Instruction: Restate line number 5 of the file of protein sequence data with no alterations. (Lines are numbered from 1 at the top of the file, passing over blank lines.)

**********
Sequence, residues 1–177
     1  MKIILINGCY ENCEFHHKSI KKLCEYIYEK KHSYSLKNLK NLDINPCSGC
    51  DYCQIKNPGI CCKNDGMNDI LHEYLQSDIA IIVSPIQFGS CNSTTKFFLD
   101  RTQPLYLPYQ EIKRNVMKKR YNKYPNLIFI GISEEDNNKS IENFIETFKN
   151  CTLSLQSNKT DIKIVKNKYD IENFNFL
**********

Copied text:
   151  CTLSLQSNKT DIKIVKNKYD IENFNFL